A History of Effigy Protests
- Investigates a specific, theatrical form of political protest: the destruction of effigies by hanging, burning, or otherwise
- About the making and analysis of image culture, global news gathering and high-speed distribution via press and social media channels
Author: Florian Göttke
Design: Sam de Groot
(Only in Dutch) Click here to read the article 'Kunstenaar Florian Göttke hangt de stad vol posters over Syrië' by Jan Pieter Ekker in het Parool (15 March 2022)
(Only in Dutch) Click here to read the review by De Leesclub van Alles (28 October 2021)
Florian Göttke is a visual artist, researcher, and writer based in Amsterdam. He combines visual modes of research (collecting, close reading, and image montage) with academic research to investigate the functioning of public images and their relationship to social memory and politics. Göttke has exhibited internationally, has written articles for academic journals and art publications. His book Toppled, an iconological study of the toppled statues of Saddam Hussein, was nominated for the Dutch Doc Award 2011.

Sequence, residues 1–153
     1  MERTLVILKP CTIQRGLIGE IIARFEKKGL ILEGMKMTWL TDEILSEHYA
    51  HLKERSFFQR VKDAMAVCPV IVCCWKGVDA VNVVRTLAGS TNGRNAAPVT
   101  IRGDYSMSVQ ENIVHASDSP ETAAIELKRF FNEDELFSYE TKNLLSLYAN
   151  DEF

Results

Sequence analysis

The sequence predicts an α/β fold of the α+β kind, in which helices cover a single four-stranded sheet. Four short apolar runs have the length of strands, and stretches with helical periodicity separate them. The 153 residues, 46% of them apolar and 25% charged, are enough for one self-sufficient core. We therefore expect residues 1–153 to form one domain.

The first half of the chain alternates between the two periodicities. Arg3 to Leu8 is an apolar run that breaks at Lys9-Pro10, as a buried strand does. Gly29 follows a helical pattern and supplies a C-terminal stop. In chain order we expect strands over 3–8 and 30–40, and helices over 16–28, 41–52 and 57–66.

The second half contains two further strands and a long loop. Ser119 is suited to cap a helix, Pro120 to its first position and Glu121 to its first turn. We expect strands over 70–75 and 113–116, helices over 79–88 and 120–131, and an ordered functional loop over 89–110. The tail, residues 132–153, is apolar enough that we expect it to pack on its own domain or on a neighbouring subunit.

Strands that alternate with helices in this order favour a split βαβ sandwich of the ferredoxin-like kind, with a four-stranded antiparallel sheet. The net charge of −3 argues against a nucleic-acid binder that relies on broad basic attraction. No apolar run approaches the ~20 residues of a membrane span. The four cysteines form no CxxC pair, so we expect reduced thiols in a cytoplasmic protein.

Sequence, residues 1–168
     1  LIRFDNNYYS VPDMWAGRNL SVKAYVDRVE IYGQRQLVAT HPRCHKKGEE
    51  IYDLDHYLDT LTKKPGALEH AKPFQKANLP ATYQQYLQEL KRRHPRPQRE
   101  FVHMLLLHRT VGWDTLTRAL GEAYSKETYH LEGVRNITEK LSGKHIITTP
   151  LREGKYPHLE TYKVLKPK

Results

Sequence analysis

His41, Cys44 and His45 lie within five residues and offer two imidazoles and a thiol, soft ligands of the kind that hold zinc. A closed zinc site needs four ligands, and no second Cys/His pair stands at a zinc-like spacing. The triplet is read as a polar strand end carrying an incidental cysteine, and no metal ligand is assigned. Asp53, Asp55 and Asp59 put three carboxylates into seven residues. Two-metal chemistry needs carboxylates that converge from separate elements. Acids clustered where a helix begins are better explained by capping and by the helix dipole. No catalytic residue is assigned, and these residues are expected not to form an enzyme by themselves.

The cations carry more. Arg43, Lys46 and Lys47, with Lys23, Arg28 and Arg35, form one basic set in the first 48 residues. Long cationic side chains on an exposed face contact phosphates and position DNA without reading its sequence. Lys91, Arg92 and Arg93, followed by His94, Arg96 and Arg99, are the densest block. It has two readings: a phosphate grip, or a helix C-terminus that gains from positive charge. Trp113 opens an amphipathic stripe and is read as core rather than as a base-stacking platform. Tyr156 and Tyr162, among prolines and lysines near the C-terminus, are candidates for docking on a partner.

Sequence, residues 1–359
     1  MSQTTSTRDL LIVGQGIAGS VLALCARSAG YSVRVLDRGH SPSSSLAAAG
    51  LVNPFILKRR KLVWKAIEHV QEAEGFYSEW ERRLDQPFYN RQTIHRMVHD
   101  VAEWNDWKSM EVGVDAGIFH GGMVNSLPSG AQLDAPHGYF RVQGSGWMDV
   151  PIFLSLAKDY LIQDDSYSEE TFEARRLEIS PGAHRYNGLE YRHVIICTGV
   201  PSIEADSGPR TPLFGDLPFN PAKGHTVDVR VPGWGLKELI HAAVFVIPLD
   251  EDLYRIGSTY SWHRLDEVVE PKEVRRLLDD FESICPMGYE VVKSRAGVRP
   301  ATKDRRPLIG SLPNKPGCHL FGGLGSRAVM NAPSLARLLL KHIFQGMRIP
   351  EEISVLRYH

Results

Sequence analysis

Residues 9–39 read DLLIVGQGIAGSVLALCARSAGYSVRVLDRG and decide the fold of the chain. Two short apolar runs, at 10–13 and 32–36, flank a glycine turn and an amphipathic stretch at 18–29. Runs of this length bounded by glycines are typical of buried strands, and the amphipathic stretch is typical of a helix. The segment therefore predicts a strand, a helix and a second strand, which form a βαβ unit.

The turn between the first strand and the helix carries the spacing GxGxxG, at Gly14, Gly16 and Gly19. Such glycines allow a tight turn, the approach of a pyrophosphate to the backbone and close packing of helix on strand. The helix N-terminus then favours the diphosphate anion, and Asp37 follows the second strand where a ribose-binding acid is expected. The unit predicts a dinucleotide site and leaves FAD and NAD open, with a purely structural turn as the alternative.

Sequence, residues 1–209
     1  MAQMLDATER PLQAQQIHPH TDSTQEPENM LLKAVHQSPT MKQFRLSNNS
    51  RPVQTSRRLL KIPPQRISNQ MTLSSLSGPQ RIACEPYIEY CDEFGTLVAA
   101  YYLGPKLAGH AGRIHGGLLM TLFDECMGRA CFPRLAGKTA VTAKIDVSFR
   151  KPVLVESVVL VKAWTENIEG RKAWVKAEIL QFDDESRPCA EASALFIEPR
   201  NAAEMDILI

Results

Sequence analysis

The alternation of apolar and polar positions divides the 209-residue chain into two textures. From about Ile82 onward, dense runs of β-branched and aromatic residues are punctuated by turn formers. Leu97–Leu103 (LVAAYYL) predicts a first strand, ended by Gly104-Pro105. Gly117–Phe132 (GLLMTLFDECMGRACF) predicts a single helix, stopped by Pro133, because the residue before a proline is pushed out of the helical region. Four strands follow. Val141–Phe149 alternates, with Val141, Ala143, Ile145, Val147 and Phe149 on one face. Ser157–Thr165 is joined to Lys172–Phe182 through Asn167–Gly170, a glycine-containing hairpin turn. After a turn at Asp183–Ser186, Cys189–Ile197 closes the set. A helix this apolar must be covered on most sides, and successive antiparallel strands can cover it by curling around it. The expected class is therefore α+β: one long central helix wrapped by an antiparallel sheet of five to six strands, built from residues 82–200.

Effigy hanging and burning, a specific theatrical form of political protest, has become increasingly visible in the news media, particularly in protests against United States military operations in Afghanistan and Iraq, in US domestic politics, and in the Arab Spring. Taking these events as points of departure, Göttke investigates the conditions of this visual genre of protest, its roots and genealogies in a number of countries, its aesthetics and politics.
Effigy protests communicate communal outrage over perceived injustice. Hanging and burning effigies is an archaic and ritualistic form of protest, yet it is effectively communicated through global news media and social media, mediated, and used trans-nationally. The book contains two interacting narratives: text (seven chapters) and a parallel montage of images. It delves deeply into the different practices, iconologies, rituals, protest and media strategies, as well as into politics and concludes with a reflection on how the effigy protests act as a symptom of fundamental conflicts at the limits of contemporary liberal democracy.
With many images from the United States, Iraq, Egypt, Iran, Afghanistan, and many other areas.